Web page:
It is true, he is strongly imbued with the superstitious belief of his age, and relates many stories which were current in his time, evidently believing, if not in their truth, at least in. their possibility; but the manner of their relation is not such as to confound the spirit of his history with those fables that adorn or blemish it, according to the standpoint from which they are regarded. From the poetical point of view, which is that with which we are more immediately concerned, they are valuable as pictures of society under the sway of beliefs, whose effects were none the less poetically striking because their influence was malign. But, perhaps, his quaint humour and naturalness are his most pleasing poetical qualities, and it is these homely touches that make him a favourite with such as relish the muse in her unobtrusive antique vestments, rather than in the loud flashy habit of her sensational mood. Mr Tytler, with whom he is a special favourite, remarks, that "the worthy prior can provide from his poetic scrip every species of intellectual ware, from the driest piece of genealogical history, or the uncouthest catalogue of Pictish monarchs, to the animated description of a heavy fight, or the moving picture of a tournament or a hunting party.” We have tried to illustrate his various qualities by the extracts given.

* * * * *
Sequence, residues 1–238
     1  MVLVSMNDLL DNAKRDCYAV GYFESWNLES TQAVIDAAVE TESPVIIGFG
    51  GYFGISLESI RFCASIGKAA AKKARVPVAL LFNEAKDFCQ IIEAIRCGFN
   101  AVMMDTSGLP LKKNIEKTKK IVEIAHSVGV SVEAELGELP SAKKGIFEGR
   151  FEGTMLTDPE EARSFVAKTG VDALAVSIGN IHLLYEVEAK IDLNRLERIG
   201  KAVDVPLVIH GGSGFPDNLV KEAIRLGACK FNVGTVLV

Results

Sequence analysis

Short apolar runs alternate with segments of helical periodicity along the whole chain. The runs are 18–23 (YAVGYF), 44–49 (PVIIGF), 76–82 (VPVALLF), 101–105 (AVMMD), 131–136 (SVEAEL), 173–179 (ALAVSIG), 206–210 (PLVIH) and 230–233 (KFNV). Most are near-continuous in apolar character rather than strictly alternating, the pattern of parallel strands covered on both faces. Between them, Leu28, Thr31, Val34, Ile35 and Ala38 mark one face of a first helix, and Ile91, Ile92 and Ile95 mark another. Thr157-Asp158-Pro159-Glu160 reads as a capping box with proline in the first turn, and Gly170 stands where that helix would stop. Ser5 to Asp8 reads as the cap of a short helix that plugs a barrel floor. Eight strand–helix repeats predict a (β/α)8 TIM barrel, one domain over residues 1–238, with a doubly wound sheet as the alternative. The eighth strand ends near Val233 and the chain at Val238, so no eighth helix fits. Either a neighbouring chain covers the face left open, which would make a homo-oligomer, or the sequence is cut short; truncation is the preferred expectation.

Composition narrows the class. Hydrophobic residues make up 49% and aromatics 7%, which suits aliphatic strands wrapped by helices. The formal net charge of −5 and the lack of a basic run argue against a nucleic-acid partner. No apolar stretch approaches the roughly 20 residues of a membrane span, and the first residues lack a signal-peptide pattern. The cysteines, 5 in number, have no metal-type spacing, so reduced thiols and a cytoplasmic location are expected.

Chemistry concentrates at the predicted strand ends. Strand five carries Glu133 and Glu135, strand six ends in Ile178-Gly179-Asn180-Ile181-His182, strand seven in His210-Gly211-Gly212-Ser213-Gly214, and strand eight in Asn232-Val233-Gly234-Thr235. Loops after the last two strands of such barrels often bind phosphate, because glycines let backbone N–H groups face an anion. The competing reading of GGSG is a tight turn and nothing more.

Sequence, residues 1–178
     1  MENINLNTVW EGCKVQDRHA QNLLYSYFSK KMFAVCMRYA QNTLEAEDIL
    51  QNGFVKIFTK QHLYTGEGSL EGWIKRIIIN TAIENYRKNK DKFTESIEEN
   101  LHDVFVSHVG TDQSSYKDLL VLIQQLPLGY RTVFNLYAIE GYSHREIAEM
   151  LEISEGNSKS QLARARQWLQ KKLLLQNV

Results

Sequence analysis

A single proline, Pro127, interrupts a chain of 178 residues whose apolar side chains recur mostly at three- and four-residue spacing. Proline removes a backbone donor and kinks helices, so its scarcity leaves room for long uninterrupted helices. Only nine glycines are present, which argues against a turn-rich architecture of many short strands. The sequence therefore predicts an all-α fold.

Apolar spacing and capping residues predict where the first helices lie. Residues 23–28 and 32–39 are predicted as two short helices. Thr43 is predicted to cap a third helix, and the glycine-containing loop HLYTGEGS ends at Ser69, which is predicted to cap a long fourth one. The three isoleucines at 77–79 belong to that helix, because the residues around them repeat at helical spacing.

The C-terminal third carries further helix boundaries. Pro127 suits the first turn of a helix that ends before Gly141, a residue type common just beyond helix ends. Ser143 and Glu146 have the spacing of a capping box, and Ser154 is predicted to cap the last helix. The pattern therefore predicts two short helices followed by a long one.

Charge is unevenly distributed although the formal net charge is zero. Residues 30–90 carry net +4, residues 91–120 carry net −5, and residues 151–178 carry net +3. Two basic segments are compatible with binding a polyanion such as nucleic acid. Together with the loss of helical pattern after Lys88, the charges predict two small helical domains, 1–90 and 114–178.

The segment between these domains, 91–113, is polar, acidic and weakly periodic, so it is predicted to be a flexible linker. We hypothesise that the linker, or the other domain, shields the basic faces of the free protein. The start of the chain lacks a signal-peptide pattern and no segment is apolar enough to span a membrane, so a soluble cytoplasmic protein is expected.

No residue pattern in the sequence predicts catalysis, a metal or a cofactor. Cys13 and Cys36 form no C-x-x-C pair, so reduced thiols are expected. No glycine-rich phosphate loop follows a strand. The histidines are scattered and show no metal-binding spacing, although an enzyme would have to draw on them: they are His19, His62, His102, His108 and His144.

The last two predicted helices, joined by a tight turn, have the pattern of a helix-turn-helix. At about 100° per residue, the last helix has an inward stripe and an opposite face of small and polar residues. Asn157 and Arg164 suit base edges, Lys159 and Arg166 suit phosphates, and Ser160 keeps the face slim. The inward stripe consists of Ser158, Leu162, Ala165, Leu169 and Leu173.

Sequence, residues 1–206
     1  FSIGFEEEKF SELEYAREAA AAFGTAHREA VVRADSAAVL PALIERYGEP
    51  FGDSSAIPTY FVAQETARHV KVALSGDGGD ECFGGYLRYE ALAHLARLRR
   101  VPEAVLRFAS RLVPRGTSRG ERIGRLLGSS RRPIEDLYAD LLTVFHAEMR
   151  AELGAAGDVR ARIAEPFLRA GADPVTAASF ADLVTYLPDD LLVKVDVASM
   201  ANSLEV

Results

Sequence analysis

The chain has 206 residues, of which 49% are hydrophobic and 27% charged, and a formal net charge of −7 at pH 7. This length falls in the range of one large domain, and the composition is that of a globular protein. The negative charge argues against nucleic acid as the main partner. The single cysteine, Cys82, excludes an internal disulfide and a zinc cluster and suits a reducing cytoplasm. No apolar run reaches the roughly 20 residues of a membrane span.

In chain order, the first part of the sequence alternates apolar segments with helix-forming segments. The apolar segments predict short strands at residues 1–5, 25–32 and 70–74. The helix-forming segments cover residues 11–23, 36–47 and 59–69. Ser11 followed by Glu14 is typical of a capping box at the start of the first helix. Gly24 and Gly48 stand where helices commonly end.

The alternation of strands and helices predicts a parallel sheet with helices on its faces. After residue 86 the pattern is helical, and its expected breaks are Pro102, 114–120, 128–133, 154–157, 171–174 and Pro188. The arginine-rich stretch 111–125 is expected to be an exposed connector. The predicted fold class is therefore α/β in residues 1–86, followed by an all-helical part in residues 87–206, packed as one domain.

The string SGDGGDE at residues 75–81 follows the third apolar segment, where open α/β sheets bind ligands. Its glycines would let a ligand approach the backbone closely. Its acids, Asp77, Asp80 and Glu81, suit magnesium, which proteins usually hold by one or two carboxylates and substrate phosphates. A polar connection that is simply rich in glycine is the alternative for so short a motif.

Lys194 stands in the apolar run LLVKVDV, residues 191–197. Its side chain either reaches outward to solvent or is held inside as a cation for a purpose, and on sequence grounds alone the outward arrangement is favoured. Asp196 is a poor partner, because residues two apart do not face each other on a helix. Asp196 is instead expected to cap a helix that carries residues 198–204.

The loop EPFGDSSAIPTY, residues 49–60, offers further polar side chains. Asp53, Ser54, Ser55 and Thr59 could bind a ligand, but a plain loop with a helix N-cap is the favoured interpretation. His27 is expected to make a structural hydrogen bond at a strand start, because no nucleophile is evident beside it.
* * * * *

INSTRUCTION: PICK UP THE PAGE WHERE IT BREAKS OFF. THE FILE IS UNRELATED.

This holy man had a ram,
That he had fed up of a lamb;
And used him till1 follow ay,
Wherever he passed on his way.
A thief this sheep in Athren stall,2
And eat him up in pieces small.
When Saint Serf his ram had mist,
Wha that it stall, was few that wist:
On presumption, nevertheless,
He that it stall, arrested was.

And till Saint Serf syne3 was he brought;
That sheep, he said, that stall he not;
And there-till for to swear ane athe.4
He said that he would not be lathe,5
But soon he worthyd red for shame
The sheep there bleated in his waime.7
Sae was he tainted shamefully,
And at Saint Serf asked mercy.


While Saint Serf intill a stede,9
Lay after matins in his bed;
The devil came in foul intent,
For till fand 10 him with argument.
And said: "Saint Serf by thy werk"
I ken thou art a connand 12 clerk."
Saint Serf said, "If I sae be,
Foul wretch, what is that for thee?"
The devil said, "This question
I ask in our collation. 13

Say where was God, wit thou aught, Before that heaven and erde14 was wrought?"

Saint Serf said, "In himself stedles 15 His Godhead hampered never was."

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'Why God let Adam, the first man,

And Eve sin in Paradise?"

Saint Serf said, "That monywise,
For God wist and understood
That thereof should come meikle good.
For Christ (took) flesh, mankind to win,
That was to pain put for their sin."
The devil asked, " Why might not be
All mankind deliverèd free

Be themself, set God had not

Them with his precious passion bought?"
Saint Serf said "They fell not in
By their self into their sin.

But by the false suggestion

Of the devil, their fae felloun. 3